It's hard to remember darker days for Ducati's racing team than those of last weekend. Ducati MotoGP struggled all weekend at Assen with essentially not a glimmer of hope throughout the Dutch TT. It was hoped that the WSBK's return to Imola--historically a strong track for the Ducati--would be the first really successful weekend for the Alstare Ducati team and the Superbike-spec Panigale. Instead, both Ayrton Badovini and former series champion Carlos Checa struggled in some ways more at Imola than they have at other racetracks.
Opinions abound as to the reasons both teams are struggling but some of the loudest whispers on the subject blame Valentino Rossi.
Of course, not Rossi himself, but the general process that culminated with Rossi signing to race for Ducati. In doing so, Ducati pulled nearly all of their WSBK resources and allocated much of them to MotoGP. Then with Rossi as the rider steering development, the Ducati MotoGP bike slowly became a motorcycle that can't do long fast stints in anything but cool or wet conditions. Rossi, with nine world championships, was the point man on development, but after Ducati built a small truckload of parts to suit his desires, Rossi actually had to stoop down and adopt Nicky Hayden's set up.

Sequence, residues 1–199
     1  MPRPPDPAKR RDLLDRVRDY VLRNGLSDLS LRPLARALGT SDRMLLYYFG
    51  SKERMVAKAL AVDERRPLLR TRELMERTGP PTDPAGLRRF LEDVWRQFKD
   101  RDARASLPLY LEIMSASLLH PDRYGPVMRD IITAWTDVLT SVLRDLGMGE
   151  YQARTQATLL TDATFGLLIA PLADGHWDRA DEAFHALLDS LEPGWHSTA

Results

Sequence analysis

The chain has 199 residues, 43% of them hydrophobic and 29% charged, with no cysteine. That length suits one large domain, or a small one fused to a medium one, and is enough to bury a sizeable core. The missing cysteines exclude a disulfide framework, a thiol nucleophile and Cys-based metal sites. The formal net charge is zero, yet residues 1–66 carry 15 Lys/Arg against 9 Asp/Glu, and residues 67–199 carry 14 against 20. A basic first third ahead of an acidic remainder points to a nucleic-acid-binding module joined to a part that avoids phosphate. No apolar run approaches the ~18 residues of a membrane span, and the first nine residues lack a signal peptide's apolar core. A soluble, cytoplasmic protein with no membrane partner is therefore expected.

Ducati had a presence in World Superbike after they killed the factory team, but key partnerships were lost (primarily with Feel Racing, among others) which simultaneously allowed Ducati's rivals that stayed in WSBK to build momentum. Ducati's race effort become much more focused on MotoGP and Rossi.
Ultimately, the gamble to bring Rossi to Ducati was a losing bet, and the forces which converged to try and make the Rossi-led MotoGP effort a success somehow have put Ducati's entire race effort so far off course at times they seem like a sailboat lost in space.
In the mean time, Audi/Lamborghini purchased Ducati, MotoGP savant Filippo Preziosi--whose design fingerprints are all over every modern Ducati MotoGP bike and the Panigale--was ousted and a "fix this" crew hired.
The weekend of Assen/Imola 2013 illustrated how much work remains for the men assigned to navigate a sailboat lost in the Milky Way back to Bologna.